Elder pledges Senate ‘earthquake’ if he wins California recall

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Elder pledges Senate 'earthquake' if he wins California recall

California’s Sept. 14 recall election could shift the balance of the US Senate.

Larry Elder, the Republican best positioned to replace Gov. Gavin Newsom, would have the sole power to name a replacement for 88-year-old Democratic Sen. Dianne Feinstein in the evenly divided body — and hinted he might do just that.

“God forbid Gov. Elder should replace Dianne Feinstein who nobody’s seen in weeks,” Elder — who leads the pack of potential replacements for Newsom — said Friday.

Feinstein, a six-term senator from California, is the Senate’s oldest member. She has faced sharp criticism from fellow Democrats in recent months over her mental acuity — grumblings that forced her to give up her perch as the chair of the Senate Judiciary Committee in December.

“I’m told she has a worse mental condition than even Joe Biden,” Elder told conservative radio host Mark Levin, Fox News reported.

Sen. Dianne Feinstein is the oldest member of the Senate at 88 years old.
Sen. Dianne Feinstein is the oldest member of the Senate at 88 years old.
Leigh Vogel/Pool via REUTERS

“They’re afraid I would replace her with a Republican — which I most certainly would do and that would be an earthquake in Washington DC,” he said.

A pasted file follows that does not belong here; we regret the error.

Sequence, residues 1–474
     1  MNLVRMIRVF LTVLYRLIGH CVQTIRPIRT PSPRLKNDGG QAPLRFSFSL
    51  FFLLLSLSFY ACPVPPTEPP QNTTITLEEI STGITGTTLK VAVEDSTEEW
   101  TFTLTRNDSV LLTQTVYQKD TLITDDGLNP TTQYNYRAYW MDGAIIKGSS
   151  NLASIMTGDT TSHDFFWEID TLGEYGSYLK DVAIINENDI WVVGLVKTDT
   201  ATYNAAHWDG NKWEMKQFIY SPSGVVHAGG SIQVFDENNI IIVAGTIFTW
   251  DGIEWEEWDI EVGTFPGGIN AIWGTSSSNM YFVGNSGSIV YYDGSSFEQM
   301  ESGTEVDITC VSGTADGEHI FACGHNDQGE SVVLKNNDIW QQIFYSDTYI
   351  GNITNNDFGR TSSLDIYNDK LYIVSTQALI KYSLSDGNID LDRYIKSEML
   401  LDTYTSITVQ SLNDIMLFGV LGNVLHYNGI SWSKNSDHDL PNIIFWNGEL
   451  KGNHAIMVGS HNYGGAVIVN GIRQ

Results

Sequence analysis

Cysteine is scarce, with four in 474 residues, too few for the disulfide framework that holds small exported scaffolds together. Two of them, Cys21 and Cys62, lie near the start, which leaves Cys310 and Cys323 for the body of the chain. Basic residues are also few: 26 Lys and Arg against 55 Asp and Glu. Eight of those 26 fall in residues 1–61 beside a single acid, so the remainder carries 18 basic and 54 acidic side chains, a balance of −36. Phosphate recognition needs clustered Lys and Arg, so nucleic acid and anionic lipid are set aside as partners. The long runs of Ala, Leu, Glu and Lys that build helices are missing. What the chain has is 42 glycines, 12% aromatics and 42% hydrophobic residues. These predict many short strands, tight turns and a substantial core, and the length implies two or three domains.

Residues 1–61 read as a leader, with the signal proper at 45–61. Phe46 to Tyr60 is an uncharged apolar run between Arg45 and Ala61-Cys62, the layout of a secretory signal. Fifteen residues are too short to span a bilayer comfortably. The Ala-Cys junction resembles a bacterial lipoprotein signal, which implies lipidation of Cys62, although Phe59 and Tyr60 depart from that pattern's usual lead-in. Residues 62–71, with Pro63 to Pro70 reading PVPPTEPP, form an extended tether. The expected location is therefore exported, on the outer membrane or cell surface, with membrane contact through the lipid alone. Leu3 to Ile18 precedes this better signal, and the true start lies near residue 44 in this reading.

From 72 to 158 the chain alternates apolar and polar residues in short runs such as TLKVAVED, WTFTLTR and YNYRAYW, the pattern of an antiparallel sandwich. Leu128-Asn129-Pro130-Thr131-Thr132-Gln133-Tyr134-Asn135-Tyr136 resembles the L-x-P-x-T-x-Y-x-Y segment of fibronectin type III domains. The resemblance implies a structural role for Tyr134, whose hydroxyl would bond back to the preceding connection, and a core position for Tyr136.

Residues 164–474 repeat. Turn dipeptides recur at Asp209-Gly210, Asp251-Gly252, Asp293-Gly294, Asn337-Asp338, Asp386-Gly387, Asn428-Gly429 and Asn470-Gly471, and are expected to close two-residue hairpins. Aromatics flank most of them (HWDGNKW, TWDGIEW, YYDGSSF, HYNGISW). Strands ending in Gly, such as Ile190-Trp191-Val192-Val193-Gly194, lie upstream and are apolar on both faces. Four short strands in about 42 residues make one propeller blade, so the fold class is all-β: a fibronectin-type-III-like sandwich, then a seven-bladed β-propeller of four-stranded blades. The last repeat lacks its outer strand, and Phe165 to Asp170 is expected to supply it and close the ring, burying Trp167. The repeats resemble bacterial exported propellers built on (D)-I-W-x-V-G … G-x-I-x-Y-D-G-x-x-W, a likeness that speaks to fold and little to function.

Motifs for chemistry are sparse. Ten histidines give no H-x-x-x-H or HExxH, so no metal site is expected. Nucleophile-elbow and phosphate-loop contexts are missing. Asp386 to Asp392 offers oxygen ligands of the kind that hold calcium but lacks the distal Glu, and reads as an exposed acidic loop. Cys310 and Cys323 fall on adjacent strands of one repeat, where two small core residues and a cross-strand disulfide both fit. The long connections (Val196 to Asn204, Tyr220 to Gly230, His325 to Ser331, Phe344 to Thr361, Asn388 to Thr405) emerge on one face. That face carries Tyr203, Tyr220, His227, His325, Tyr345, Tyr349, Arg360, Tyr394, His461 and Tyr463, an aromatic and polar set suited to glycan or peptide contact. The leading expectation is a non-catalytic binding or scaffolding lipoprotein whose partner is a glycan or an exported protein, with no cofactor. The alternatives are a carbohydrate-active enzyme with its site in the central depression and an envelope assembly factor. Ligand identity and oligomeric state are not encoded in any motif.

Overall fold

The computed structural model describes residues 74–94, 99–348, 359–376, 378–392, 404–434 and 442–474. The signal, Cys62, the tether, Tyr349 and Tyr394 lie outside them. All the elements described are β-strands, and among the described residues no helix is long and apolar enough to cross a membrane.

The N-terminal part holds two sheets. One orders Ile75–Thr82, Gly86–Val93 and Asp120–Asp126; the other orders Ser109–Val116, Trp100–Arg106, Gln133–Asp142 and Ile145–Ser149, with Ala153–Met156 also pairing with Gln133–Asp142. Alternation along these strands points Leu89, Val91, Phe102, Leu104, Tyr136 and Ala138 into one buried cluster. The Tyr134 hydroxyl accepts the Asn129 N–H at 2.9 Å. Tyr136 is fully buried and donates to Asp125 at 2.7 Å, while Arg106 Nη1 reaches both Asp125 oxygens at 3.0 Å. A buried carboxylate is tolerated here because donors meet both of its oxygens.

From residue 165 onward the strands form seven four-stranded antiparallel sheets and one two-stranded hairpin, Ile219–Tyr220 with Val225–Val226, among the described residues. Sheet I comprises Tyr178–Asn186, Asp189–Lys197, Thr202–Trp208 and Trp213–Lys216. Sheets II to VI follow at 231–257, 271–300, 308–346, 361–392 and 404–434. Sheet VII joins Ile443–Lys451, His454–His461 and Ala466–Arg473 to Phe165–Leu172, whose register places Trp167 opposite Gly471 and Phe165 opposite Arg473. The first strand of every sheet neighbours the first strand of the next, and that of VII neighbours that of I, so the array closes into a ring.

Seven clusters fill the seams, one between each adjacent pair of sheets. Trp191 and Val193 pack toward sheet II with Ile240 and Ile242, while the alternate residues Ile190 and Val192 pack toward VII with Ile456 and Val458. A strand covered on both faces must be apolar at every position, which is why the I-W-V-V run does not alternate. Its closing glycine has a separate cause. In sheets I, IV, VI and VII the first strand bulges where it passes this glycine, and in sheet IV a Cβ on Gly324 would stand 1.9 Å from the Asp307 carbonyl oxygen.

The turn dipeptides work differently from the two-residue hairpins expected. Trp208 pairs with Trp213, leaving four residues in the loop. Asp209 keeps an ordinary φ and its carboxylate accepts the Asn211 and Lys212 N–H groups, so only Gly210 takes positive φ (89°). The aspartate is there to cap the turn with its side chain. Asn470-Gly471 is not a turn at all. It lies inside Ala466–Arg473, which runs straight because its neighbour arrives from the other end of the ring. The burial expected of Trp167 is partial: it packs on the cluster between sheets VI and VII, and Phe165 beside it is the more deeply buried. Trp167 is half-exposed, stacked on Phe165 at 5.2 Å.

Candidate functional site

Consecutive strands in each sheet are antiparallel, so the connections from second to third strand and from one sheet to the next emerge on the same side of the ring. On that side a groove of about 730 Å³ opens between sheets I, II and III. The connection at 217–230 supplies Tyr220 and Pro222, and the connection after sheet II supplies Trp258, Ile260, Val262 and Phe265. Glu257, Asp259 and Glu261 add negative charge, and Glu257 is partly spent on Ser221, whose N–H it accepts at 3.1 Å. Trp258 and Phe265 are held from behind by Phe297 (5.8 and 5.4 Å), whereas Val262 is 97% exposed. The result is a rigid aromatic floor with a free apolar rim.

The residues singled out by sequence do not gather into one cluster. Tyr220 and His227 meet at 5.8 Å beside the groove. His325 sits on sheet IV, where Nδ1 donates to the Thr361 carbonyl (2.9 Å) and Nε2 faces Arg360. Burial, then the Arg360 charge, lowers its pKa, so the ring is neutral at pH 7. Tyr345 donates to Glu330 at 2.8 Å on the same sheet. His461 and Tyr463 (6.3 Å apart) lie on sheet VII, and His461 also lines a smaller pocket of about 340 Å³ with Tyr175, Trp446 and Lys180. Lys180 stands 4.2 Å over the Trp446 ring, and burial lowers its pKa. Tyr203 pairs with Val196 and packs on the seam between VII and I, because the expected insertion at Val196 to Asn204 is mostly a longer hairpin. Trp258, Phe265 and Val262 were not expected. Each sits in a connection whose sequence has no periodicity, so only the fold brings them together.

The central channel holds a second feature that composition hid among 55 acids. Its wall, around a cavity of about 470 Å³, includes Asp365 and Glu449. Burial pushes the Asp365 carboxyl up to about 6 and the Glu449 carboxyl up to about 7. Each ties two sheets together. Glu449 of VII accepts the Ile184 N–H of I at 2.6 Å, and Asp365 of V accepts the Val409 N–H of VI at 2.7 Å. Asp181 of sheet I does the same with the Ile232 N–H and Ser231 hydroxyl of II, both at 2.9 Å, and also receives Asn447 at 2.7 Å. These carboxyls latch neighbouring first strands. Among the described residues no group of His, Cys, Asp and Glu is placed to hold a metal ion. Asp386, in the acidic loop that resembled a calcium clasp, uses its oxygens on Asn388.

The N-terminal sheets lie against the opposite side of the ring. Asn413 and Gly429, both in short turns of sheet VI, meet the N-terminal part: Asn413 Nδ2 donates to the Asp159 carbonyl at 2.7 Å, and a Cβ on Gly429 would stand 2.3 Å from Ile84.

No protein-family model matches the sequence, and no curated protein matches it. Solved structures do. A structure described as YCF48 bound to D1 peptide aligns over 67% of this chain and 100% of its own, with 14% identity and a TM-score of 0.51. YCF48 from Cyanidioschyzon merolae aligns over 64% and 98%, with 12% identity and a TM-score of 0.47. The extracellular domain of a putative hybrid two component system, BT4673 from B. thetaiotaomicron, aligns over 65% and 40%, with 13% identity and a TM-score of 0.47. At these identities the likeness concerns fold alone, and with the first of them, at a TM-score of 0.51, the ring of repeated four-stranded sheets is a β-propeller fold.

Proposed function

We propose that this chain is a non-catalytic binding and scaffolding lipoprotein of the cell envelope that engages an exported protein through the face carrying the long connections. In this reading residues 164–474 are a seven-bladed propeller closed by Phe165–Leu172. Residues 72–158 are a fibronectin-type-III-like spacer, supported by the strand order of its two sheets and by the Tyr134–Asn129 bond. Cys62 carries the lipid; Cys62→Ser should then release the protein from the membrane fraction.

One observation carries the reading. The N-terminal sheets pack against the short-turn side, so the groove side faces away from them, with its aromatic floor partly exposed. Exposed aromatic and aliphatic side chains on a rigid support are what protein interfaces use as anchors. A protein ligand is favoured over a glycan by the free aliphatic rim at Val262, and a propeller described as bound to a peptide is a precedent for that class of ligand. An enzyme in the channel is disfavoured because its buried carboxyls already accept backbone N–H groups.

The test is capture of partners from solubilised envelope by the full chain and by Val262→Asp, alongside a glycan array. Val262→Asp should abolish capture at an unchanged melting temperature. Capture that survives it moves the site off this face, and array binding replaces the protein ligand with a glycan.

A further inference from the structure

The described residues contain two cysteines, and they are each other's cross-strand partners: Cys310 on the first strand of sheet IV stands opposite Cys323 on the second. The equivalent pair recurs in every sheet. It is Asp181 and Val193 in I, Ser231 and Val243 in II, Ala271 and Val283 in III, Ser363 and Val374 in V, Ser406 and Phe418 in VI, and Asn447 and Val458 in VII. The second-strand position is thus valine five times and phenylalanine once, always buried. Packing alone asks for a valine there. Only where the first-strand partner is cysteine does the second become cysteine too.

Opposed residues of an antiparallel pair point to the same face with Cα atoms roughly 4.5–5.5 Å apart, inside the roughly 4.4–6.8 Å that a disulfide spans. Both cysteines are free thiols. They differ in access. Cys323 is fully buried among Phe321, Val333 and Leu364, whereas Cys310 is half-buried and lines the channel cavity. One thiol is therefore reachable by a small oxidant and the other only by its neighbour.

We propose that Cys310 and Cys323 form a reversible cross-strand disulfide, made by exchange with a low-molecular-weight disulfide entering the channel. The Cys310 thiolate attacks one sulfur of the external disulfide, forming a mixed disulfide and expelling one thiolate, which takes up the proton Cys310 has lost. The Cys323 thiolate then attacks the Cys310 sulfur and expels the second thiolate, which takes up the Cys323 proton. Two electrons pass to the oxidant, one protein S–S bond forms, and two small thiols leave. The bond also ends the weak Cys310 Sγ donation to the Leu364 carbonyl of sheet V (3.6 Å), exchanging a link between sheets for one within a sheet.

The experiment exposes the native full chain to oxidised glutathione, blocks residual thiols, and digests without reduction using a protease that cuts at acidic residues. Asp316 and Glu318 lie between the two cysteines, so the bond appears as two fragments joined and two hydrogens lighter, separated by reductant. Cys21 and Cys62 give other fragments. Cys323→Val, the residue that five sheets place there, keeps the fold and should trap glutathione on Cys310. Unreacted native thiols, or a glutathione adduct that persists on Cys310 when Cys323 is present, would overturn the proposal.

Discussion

Democrats control the Senate by the barest possible margin. Only the tie-breaking vote of Vice President Kamala Harris keeps Majority Leader Chuck Schumer in his role.

In a poll released this week, Elder was the choice of 26 percent of California voters who favor ousting Newsom, whose pandemic policies have been widely unpopular in the Golden State.

Elder is the leading Republican candidate to potentially replace Gov. Gavin Newsom in the recall election.
Elder is the leading Republican candidate to potentially replace Gov. Gavin Newsom in the recall election.
Photo by Alberto E. Rodriguez/Getty Images

None of the other 45 candidates on the lengthy slate hit double digits in the poll, which was conducted by the nonpartisan Public Policy Institute of California, the Los Angeles Times reported.

But the same poll found only 39 percent of likely California voters in favor of kicking Newsom out of office, with 58 percent opposed — meaning that the governor may retain his office once the all-mail election is complete.

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